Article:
Goodbye Neville No. 2, Hello Neville No. 1?

by Sam Wheatley

Thursday, February 3rd, 2011
 

It’s a sad day. An iconic figure in the English game has hung up his boots after an illustrious career. Gary Neville has finally called it a day at the age of 35, not short of a trophy or an England cap or two. A widely hated figure outside of Manchester (and in certain parts of it), Neville may be missed equally by opposition fans – Red Nev, the embodiment of Manchester United and Ferguson’s philosophy, has been a premier exponent of some of the most tasty rivalries in the Premier League.

Neville’s hatred for everything non-United can be symbolised by his relationship with Peter Schmeichel. The big Danish goalkeeper used to give Neville giant earfuls of ‘advice’ during games, from which a young Neville would usually sheepishly run. When Peter Schmeichel left for Manchester City, like a father dumping a boy’s mum for his auntie, Neville famously refused to shake hands in the tunnel when the two sides met, such was the depth of the betrayal felt by the right-back.

Pires recently claimed to seek revenge on Neville for the way the United man treated him whilst he was at Arsenal. Pires said “There were a lot of insults – he liked to tread on my feet at corners or free-kicks.” That was the measure of the man; to achieve victory for his side by any means necessary. Sadly, Pires will no longer have the opportunity to exact whatever Gallic semblance of revenge that he had planned.

His greatest enemy was, naturally, the city and football club of Liverpool. In 2006 his celebration cost him £5000 as he sprinted over to the Kop and kissed his badge with such passion that he incited a miniature riot. Neville, it is safe to say, would pay that fine one thousand times, such is his commitment to Manchester United. He was utterly unrepentant, and I’m certain given the opportunity to change anything about that day, Neville would amend nothing.

Neville also helped stir up the rivalry between United and Arsenal, at the start of the last decade when both sides regularly used to challenge for the title. Possibly his finest moment was kicking seven bells out of José Antonio Reyes, although other great Neville memories will include a blatant dive against Sunderland, for which he was booked and that one cross that he provided for Alan Shearer’s goal against Scotland at Euro 96.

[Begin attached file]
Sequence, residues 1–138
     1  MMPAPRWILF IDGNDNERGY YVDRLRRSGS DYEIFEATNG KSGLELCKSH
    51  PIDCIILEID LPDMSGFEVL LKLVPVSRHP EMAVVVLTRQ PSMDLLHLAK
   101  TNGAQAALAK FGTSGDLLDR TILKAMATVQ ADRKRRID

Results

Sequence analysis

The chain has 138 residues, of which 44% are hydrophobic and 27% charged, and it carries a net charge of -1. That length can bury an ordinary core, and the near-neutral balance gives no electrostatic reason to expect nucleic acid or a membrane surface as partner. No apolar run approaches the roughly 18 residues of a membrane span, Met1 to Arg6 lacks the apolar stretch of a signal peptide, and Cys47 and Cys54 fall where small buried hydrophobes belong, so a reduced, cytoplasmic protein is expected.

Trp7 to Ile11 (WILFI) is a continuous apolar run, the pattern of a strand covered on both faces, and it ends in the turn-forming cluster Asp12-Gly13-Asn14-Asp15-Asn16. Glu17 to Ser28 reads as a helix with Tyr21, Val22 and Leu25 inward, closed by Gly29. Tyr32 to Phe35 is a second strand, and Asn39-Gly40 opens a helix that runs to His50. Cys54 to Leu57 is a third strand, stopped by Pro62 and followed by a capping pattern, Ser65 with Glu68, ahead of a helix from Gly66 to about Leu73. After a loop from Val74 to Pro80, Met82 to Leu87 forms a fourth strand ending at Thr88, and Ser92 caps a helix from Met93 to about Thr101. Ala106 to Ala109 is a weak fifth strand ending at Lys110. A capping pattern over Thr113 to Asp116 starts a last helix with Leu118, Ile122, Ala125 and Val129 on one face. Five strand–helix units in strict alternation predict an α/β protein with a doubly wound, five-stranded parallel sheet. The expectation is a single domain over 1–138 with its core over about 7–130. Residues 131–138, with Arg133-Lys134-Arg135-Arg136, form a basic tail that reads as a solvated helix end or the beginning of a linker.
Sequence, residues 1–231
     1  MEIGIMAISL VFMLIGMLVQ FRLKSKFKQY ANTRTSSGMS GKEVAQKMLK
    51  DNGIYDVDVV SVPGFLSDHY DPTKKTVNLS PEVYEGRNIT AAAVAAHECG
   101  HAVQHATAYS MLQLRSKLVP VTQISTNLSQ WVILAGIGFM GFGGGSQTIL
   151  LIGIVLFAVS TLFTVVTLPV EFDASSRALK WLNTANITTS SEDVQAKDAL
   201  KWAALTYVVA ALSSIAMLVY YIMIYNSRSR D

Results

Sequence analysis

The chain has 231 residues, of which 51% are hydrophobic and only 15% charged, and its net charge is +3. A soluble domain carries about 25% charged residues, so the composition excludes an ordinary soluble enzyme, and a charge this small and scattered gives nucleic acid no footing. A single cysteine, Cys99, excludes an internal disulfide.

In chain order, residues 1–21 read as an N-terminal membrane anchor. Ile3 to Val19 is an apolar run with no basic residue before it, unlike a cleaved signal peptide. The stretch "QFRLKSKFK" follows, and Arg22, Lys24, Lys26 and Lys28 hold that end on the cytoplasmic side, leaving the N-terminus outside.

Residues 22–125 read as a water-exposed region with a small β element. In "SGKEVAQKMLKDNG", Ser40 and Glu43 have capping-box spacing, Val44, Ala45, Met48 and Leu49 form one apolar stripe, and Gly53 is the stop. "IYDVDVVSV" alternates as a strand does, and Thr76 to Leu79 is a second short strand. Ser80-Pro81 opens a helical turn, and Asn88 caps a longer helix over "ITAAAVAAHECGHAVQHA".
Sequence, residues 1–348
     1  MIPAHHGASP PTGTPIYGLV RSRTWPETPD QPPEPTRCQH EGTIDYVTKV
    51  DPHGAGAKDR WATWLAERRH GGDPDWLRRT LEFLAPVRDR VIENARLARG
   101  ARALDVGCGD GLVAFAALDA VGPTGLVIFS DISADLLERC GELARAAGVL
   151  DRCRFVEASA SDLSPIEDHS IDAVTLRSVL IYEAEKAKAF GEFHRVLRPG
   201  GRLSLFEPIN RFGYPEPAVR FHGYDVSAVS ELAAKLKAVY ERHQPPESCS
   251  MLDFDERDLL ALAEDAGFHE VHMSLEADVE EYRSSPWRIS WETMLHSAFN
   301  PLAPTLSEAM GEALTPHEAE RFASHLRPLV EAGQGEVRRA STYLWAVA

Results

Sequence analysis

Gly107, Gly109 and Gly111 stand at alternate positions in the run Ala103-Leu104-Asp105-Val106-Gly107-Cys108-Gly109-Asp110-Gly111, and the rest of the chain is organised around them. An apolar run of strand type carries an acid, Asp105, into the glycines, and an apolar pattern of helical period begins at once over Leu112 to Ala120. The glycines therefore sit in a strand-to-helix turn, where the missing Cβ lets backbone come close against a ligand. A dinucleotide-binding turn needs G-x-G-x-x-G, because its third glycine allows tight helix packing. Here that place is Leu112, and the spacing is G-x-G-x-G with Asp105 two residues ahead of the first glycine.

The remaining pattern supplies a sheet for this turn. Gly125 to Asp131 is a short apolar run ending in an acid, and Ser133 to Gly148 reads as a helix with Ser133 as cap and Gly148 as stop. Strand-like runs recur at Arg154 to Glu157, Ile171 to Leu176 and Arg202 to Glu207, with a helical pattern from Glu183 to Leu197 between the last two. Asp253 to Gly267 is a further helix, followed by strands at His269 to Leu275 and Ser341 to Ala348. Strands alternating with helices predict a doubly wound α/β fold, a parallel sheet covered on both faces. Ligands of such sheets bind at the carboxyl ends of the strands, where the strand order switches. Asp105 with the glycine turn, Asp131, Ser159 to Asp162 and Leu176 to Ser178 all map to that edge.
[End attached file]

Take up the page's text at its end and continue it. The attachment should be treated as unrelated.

That Neville possessed a great cross will remain one of the greatest fallacies in football history, but that won’t matter. His passion, commitment and loyalty smacks of a bygone era, and we may be lucky to ever see anyone that displays those qualities with quite such vehemence for a while yet. Manchester United fans will miss Red Nev, and the rest of us will miss those moments that caused us to loathe his very essence.

The twist in the tale is that this may not be the last we hear from Neville – Ole Gunnar Soksjær has taken up the reigns at Molde in Norway (his first club), leaving a gap in the United coaching staff. Could it be possible that Neville’s departure as a player could signal his emergence as Ferguson’s future replacement? For all of his outspoken views, Neville was a tactically astute player that lived and breathed for the club. Ferguson could do worse than mentor Neville – an icon of United’s illustrious past could well turn out to be the security of the future.

Follow me on Twitter @samuelefrumento

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